Brussels presses for peace in beef dispute

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Indy Politics

Tony Blair asked the president of the European Commission, Romano Prodi, yesterday to intervene with the French government in the worsening Anglo-French beef war, amid signs that a crucial meeting of EU scientists today will not resolve the crisis.

Tony Blair asked the president of the European Commission, Romano Prodi, yesterday to intervene with the French government in the worsening Anglo-French beef war, amid signs that a crucial meeting of EU scientists today will not resolve the crisis.

Mr Blair telephoned Mr Prodi, who later contacted the French Prime Minister, Lionel Jospin, yesterday in an attempt to damp down the row. Sources in Brussels said Mr Prodi urged both sides to lower the temperature and offered to help to broker a compromise.

In the first signs that the French are looking for an honourable climb-down from the beef imbroglio, the French Farms minister, Jean Glavany, hinted yesterday that France could drop its ban in return for a tightening-up of the rules governing British beef exports.

But Downing Street sources were sceptical, saying there was no prospect of new British concessions being offered to persuade the French to back down and start accepting British beef imports.

Giving any new concessions to the French would provoke further anger against the Government, which is already under fire from furious farmers, the Opposition and the British anti-European press for its handling of the crisis.

"This is war," declared the Sun yesterday, demanding that the Prime Minister "start kicking backsides" in Paris and Brussels.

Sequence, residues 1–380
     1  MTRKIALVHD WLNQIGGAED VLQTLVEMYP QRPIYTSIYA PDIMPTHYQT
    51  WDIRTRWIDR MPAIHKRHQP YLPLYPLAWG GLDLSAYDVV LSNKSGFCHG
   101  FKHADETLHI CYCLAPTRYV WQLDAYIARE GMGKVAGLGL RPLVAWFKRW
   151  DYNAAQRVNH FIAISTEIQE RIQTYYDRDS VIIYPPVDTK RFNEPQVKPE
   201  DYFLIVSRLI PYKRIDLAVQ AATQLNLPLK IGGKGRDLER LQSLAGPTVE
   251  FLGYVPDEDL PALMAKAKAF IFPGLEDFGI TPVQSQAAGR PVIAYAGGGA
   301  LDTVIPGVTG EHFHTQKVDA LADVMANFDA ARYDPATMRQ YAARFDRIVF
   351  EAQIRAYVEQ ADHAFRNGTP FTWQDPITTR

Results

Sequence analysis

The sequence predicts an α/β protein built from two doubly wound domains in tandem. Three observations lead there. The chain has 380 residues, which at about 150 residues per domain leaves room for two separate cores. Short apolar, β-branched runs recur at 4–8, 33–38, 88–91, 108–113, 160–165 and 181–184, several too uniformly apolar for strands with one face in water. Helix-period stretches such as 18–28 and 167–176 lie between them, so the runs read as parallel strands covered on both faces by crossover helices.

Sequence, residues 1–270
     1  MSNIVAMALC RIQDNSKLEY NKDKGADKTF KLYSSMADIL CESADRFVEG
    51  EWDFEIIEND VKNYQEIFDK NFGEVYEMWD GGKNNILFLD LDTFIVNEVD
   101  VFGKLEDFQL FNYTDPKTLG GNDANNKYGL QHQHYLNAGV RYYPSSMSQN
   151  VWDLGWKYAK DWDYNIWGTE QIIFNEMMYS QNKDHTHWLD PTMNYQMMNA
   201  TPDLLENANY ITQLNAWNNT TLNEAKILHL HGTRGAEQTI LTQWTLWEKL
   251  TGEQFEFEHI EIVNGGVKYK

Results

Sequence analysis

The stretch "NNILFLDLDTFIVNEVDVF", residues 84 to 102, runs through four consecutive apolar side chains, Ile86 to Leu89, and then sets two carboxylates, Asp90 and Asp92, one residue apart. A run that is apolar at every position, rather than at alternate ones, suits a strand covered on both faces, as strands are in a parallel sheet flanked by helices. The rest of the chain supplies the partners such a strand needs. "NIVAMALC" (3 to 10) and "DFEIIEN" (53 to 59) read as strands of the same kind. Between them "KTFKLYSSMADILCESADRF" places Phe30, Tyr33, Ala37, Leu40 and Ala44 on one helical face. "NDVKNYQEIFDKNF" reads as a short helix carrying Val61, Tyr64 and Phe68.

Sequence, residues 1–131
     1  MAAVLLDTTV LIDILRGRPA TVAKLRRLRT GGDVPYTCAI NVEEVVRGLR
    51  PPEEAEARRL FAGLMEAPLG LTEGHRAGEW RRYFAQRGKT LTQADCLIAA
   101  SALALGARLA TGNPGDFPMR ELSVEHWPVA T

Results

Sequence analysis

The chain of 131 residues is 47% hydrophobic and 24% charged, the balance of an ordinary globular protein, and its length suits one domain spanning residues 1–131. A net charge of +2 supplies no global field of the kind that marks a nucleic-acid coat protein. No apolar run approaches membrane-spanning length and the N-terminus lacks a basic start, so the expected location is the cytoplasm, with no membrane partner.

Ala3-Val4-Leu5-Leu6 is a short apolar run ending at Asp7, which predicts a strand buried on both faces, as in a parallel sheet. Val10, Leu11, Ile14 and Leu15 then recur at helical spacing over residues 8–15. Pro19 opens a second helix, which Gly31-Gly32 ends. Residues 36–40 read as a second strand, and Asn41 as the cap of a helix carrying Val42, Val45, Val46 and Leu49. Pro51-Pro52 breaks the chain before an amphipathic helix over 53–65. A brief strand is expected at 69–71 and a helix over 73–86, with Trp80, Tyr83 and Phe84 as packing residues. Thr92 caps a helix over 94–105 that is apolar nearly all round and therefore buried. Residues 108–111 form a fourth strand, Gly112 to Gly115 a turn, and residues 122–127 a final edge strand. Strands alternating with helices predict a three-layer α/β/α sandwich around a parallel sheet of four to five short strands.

A committee of European scientists will meet today to try to reach a judgement on France's case for refusing to lift its ban on British beef. Officially the Government is confident that Britain will be vindicated, but it seems likely that the scientists will fail to deliver a clear verdict on the French claims. The commission would then have to decide whether or not to take legal action against Paris over its defiance of the EU decision to allow British beef back into world markets.

Mr Blair stood firm in the Commons and rejected opposition demands for a tit-for-tat ban on French meat. It would be both unjustified and "suicidal" for British trade interests, he said, denouncing the Conservative demands as "stupid", "irresponsible" and "foolish" and accusing William Hague, the Tory leader, of promoting "immature nonsense".

The Prime Minister was accused in return of being "spineless" by the opposition leader, who repeated his call for a temporary ban on French products because sewage was fed to French livestock.

"It's not just the dead cows that have had their spines taken out," Mr Hague said.

The Opposition also seized on Mr Blair's refusal explicitly to back the personal boycott by the Agriculture minister, Nick Brown, of French food and wine, claiming that it was evidence of a rift in the Cabinet.

"He is clearly hanging him out to dry," one senior Conservative source said.

Mr Brown earlier tried to calm angry farmers by publishing new food-labelling guidelines to allow shoppers to tell whether the products they are buying are really British.

But the minister found himself under fire after admitting that he had not spoken to his French counterpart, Jean Glavany, in more than a week, despite the deepening crisis.

Mr Glavany stirred further controversy by declaring that consumers across Europe were shunning British beef and disclosing that he had cancelled a planned face-to-face meeting with Mr Brown because it was impossible to hold a "calm dialogue" with him.

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